Self tape guide: What is a self tape & best self tape tips - iampro
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Self tape guide: What is a self tape & best self tape tips

A lot of you will be wondering ‘what is a self tape?’ but fear not people, all will become clear! In this blog, we explain everything about it and give you some self tape tips for the best self tape auditions.


A self-tape is usually a self-recorded audition piece that you deliver straight to the camera and are usually requested by agents or casting directors in order for you to remotely audition for adverts, television programmes, film or theatre.

You will normally be provided with sides (a script) for you to learn and perform. When completed, the self-tape will be sent to the casting team for them to decide whether or not to employ you for the job. Self-tapes can be filmed with whatever you have at your disposal i.e., camera phone, camera, computer etc.

You DO NOT need an expensive camera or fancy lighting to create a great self-tape. Whilst expensive equipment is a nice luxury to have, you can make yours look as good with basic equipment and natural light if you follow our guidelines. There are many elements to get right for your self-tape to be a success. Nailing the performance is obviously the main objective, but there is no point in doing that if the casting director cannot hear or see you properly.

In this guide, we will be teaching you all the tricks of the trade in order to achieve a well-polished, professional self-tape that will help you deliver the very best audition you can. Remember, casting directors will see hundreds of self-tapes for each casting, so try to make yours stand out for the right reasons. Follow their instructions as best as you can and stick to our guide to make sure your self-tape comes across as slick and professional.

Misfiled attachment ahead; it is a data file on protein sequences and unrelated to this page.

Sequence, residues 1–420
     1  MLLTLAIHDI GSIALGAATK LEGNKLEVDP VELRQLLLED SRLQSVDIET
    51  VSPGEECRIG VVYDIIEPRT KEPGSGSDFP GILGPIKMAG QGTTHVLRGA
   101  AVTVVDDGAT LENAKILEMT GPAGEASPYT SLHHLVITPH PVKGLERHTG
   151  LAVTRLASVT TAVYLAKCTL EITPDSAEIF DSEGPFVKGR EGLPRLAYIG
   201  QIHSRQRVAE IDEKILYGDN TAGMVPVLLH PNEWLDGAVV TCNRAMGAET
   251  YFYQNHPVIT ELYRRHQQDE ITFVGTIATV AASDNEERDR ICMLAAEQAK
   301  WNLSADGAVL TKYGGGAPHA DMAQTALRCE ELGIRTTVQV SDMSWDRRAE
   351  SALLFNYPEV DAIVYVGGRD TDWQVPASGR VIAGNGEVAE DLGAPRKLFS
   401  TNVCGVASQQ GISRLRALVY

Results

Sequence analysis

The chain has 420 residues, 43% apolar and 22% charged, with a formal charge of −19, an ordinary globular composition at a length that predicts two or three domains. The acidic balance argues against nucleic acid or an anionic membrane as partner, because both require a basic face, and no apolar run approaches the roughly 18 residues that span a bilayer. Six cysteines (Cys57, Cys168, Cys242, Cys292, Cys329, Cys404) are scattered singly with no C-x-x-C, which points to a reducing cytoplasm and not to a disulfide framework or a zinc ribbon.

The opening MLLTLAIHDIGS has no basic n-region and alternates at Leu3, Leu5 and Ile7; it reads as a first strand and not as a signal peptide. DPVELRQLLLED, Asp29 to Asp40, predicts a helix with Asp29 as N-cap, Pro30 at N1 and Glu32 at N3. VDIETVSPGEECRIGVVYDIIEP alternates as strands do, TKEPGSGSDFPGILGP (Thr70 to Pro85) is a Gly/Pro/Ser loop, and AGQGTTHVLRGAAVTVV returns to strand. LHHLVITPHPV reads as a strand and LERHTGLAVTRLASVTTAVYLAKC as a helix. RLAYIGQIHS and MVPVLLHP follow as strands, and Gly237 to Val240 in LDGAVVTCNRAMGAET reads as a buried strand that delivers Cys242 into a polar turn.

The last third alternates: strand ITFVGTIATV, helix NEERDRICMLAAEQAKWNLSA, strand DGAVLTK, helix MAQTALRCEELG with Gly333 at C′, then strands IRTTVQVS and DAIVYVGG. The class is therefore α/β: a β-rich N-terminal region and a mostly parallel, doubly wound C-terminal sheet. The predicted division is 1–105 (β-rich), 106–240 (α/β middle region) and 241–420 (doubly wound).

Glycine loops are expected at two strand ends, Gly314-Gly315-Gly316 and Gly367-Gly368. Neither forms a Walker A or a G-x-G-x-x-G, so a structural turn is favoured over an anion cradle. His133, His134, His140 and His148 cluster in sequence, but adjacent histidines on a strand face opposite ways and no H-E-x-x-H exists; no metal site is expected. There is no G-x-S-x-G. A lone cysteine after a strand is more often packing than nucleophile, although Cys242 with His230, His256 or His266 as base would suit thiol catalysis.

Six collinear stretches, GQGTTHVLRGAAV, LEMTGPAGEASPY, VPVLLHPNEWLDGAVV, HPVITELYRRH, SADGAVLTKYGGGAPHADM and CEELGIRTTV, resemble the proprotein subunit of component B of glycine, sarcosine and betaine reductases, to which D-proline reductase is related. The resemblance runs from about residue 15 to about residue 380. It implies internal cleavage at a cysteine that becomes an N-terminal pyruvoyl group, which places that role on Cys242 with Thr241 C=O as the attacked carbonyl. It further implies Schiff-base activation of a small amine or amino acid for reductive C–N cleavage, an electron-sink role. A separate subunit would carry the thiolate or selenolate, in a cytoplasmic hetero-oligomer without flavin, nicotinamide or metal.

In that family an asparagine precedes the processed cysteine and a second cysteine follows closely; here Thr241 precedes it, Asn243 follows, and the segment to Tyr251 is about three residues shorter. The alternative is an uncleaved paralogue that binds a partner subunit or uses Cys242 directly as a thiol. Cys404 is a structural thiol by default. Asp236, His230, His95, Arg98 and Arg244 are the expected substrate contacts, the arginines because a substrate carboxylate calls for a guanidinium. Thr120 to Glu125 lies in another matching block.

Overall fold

There are so many benefits to self tapes. In the current climate, it has become increasingly difficult to attend auditions in person, so the importance of self-tape is continually growing and now account for over 95% of all first auditions! Here are some of the benefits of self-tape:

  • You can practise and record as many times as you like until you are happy you’ve nailed it!
  • You can ask friends, family or an agent for honest feedback before submitting.
  • You don’t have to leave home. Self-tapes can literally be shot from anywhere, but there are some practical elements you will have to be mindful of when choosing a place to shoot…we will teach you the ways!
  • It will save you and the casting director time and money. No travel fees, no taking time off work, no studios to hire out.

In most auditions, especially for commercials, TV and Film, you will be filmed anyway, so self-tapes are just removing the middleman. Learning the self-tape process will also give you some basic experience of how the filming set up and process is undertaken. We’ll see some of the best self tape tips below.



Now, although this may seem straightforward at first, there is much to think about when it comes to framing your shot properly. Some frequently asked questions are:

How close to the camera should I stand?

Do you want to see my whole body in the picture?

Should I zoom in?

Should I use a selfie stick?

How much headroom should I leave?

Let’s clear up some of these questions and offer up some advice that will ensure your framing is on point.

self tape tips